One only has to consider the cases of the “Ever Given” and “Ever Forward”. Large box vessels that both ran aground, in very different circumstances. Though each made big holes in company and insurers’ pockets and caused chaos for the supply chain.
Technical and safety challenges will inevitably move in tandem with the growth we are expecting to see. When assessing the shipping aspects of these vessels, as opposed to the supply chain impacts, there are primarily four areas of concern from the ship owner’s and insurer’s perspectives. These are mis-declared cargoes, fire, navigation and container losses at sea.
WHEN THINGS GO WRONG
Transport and logistics insurer the TT Club estimates around 5% of boxes contain mis-declared or undeclared cargo. This means there are millions of boxes no one knows what is inside. We do not know how dangerous they are, or even how heavy. This is a major problem, especially with the propensity of batteries or charcoal to catch fire, of illicit fireworks to go bang, or of heavy boxes to destabilise or crush stacks. Unfortunately, all too often blind faith is the order of the day.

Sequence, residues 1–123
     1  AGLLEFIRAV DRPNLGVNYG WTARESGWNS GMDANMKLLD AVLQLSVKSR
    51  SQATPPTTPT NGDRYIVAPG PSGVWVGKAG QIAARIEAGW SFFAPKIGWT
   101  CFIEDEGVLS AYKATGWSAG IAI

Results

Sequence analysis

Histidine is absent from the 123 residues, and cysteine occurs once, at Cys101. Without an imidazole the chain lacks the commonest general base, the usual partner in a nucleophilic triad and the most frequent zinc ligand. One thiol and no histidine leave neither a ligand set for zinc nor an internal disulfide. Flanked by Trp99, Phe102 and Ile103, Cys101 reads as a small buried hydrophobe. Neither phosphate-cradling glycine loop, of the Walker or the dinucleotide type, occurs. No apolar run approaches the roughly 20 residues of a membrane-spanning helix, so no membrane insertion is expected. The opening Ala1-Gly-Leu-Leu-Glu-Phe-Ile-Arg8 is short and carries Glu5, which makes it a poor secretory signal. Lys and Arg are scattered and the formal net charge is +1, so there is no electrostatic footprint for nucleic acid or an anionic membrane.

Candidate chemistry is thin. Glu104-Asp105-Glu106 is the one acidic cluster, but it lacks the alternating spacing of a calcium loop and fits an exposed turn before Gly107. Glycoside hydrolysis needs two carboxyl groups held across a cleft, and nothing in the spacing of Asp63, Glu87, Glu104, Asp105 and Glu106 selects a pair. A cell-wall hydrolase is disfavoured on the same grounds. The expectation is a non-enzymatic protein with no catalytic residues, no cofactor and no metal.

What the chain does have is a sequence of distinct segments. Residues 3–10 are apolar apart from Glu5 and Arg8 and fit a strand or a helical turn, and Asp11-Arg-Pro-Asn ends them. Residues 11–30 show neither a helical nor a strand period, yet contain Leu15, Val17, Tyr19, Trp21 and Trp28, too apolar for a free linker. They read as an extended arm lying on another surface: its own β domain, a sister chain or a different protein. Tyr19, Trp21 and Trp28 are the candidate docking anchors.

From a navigation perspective, there is very little room for manoeuvre (literally and figuratively), and this means that the pressures on navigators and pilots are magnified. Add to that the fact that having so many boxes means that wind effects can have catastrophic impacts on turning. Having a giant sail catching the wind does not make it easy to get where one needs to go.
Then we have container losses. Which are mainly due to bad weather, and with as many as 16,000 containers stowed above holds, then they bear the brunt. Whether wind or through vessel rolling. The torsion bars and lashings used are still fairly rudimentary in design, and as with many things at sea, are prone to poor maintenance. The net result is that over the past few years we have seen large scale losses of boxes from ships, and this causes pollution, dangers for navigation, and drags the reputation of the industry down.
There are clear advantages to moving more with less, and as the focus on shipping’s environmental impact comes to the fore, then one ship is potentially better than two. While that simplistic argument does hold some truth, the surrounding issues should make us all a little more circumspect. One ship carrying the commercial fate of so many in its holds and on its decks means that if a fire breaks out, if a grounding occurs, or if rolling leads to lost boxes, then suddenly the advantages become troublingly juxtaposed against the real-world risks.
Intelligence, data and analysis are all vital in understanding the risks associated with shipping and transportation, and also of the impacts on insurers and even the supply chain. To find out how our experts at Geollect can assist, contact us at firstname.lastname@example.org